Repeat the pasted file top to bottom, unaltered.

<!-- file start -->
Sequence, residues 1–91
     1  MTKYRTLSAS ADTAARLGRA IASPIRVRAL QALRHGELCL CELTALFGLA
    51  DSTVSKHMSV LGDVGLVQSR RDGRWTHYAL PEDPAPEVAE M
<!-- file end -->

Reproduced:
Sequence, residues 1–91
     1  MTKYRTLSAS ADTAARLGRA IASPIRVRAL QALRHGELCL CELTALFGLA
    51  DSTVSKHMSV LGDVGLVQSR RDGRWTHYAL PEDPAPEVAE M